Ohio Community Housing Improvement Program (CHIP)

Statewide in OH

The Ohio Department of Development invests in single family home development through the state’s Community Housing Improvement Program (CHIP). The program is supported by the HOME Investment Partnerships Program through U.S. Department of Housing and Urban Development (HUD).

  • Through the work of Southeast Ohio Habitat for Humanity, CHIP has supported 37 homes built providing a social return on investment of $31 million and included volunteer hours (87,000) and sweat equity hours by 37 homeowners (13,000). Over the life of these mortgages, $10.2 million in property taxes will be contributed to their communities.

“Having an affordable mortgage led to a better chance at financial responsibility for us. It has allowed us to plan with our money and lessen our dependency on the food bank, we haven’t been there since February. Knowing that our mortgage is going towards something we own and can make our own has been a blessing. When we received our stimulus checks and taxes, we paid our mortgage payments an entire year ahead. That’s something we wouldn’t have been able to do without having an affordable home.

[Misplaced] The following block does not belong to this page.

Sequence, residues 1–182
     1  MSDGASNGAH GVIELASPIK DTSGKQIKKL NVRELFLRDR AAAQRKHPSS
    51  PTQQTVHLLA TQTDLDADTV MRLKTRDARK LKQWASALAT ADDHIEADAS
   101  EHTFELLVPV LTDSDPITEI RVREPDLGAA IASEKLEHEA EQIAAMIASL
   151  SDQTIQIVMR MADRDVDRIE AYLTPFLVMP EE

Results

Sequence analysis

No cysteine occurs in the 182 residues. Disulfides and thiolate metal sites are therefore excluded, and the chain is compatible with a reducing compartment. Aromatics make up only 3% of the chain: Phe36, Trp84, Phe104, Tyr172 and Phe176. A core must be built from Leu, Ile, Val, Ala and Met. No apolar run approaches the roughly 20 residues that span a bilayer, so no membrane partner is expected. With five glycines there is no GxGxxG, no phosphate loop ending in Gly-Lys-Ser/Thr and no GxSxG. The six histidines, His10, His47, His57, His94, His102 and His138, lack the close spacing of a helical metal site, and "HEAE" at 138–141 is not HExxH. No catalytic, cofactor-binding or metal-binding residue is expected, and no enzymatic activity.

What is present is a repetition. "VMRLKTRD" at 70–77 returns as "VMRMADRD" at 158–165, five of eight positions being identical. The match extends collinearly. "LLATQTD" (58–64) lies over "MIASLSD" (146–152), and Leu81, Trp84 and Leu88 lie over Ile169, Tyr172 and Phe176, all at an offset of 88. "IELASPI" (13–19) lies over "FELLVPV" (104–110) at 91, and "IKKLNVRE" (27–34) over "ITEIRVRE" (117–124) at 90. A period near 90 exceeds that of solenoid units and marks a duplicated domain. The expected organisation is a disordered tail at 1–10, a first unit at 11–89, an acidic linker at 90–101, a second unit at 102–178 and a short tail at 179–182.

Being a Habitat homeowner has given us stability in an unstable time. I don’t have to worry about my kids having a safe, healthy place to school from home due to the pandemic. We don’t have to worry about moving ever again. Habitat has given my children the childhood I had.”

CHIP-supported homeowner in SE OH

Kelly Davis, age 36, is the mother of two young boys, ages 5 and 2. She is employed fulltime as a direct support professional at Sunshine Communities, Inc. and part-time at Door Dash. Kelly had been living with her mother and had wanted a home to raise her two young boys. Kelly committed to the 250 sweat equity hours and 25 hours of education classes built upon Dave Ramsey’s Financial Peace curriculum. Kelly and her family moved into her home on December 24, 2020.
Kelly’s home is an example of how Maumee Valley Habitat for Humanity is leveraging several sources to finance and build new and rehabbed homes. HOME$ funds of $34,000, Six NW Ohio Rotary Clubs contributed $35,000 for her home, as well as numerous donors/volunteers and in-kind donations.

Clarissa Parker and Andrew Valdez are Habitat for Humanity homeowners and their home was partially funded by CHIP.  Clarissa works as a nurses’ aid in the assisted living wing of a local nursing home and Andrew works at a local tomato canning company.  They live in their new home with their four children ages 10, 7, 5 and 4. 
The $20,000 from CHIP was taken off their mortgage which is a great help to the family and our affiliate since we have those funds to apply to future builds.  Clarissa said, “CHIP is wonderful. It really helped us out.”